8.2.7 Prepare management procedures
A set of clear instructions to enable the whole water supply system to be operated as desired has to be in place. If there is an incident that disrupts the normal operation of the system – for instance, if a control measure fails – then a number of actions need to be followed. These should be documented in the management procedures so that they are easy to refer to and apply. The relevant management procedure will detail the remedial measure, what communications to undertake and the steps to follow in an investigation of the failure.
Do you remember the usual name for the routine instructions for operating a water treatment plant?
They are often referred to as standard operating procedures or SOPs.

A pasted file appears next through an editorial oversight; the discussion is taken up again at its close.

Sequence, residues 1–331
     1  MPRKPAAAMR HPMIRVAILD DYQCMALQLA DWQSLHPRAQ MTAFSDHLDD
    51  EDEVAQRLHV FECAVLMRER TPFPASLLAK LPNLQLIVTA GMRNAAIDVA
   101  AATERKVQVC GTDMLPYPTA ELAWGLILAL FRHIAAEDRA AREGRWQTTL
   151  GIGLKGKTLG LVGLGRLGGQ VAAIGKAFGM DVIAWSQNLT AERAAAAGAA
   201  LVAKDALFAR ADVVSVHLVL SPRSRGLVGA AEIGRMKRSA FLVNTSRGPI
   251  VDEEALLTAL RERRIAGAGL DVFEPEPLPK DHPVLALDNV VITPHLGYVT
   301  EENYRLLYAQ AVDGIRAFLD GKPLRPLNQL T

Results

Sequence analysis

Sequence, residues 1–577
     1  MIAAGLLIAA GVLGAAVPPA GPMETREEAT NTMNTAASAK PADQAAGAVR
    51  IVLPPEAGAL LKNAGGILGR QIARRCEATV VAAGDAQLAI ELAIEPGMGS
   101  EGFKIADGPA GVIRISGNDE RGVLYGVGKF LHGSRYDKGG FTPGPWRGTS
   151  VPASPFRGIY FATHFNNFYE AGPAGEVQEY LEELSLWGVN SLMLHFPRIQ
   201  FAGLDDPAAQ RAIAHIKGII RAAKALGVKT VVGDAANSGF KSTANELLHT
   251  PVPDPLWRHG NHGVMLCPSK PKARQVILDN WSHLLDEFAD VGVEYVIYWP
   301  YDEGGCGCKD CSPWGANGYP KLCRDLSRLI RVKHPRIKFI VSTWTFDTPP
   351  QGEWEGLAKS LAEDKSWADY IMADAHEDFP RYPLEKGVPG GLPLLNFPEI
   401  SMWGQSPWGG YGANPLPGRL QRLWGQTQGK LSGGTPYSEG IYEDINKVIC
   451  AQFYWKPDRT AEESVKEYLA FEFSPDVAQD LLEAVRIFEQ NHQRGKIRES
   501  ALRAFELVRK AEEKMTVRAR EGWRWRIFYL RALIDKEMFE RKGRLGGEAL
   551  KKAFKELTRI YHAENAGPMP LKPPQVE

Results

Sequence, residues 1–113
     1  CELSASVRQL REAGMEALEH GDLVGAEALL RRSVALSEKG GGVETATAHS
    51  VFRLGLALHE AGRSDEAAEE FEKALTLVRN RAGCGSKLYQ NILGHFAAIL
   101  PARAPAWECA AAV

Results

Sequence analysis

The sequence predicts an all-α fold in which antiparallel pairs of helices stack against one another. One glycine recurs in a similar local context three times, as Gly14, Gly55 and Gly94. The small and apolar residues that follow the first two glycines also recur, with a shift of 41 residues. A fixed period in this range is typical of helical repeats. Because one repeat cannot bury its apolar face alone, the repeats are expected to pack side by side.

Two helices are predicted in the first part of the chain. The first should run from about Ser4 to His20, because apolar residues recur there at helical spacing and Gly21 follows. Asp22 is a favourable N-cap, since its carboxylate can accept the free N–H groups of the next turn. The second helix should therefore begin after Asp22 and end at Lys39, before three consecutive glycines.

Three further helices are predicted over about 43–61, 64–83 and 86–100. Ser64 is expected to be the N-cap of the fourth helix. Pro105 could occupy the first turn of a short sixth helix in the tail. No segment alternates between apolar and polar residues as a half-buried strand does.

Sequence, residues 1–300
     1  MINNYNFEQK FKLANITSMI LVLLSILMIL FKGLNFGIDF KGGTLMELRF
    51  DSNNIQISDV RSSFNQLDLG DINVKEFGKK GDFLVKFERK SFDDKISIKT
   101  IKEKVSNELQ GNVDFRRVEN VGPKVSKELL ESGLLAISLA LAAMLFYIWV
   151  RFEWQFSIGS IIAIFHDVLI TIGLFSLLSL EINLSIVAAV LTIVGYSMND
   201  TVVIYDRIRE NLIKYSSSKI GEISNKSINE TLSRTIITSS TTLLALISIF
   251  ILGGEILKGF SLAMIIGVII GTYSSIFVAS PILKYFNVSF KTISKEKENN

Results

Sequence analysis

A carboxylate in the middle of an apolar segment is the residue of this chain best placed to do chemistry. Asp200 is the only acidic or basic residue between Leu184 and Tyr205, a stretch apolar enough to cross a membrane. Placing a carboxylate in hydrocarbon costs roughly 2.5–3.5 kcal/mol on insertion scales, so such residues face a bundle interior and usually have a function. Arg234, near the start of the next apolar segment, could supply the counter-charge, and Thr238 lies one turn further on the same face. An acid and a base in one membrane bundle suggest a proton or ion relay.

Following through the example of chlorine stock, if the supply were to run out, the management procedure might suggest contacting nearby water utilities (using names and telephone numbers of contact persons who had previously been consulted) for a loan of an amount of chlorine. An alternative might be to contact supply companies that could rapidly acquire and supply the chemical (but this is likely to be at a high cost!). The population affected by the break in supply would have to be informed of the crisis, possibly by messages on local radio and television programmes. Lastly, an investigation needs to be undertaken as to how the crisis came about, and how it can be prevented from recurring.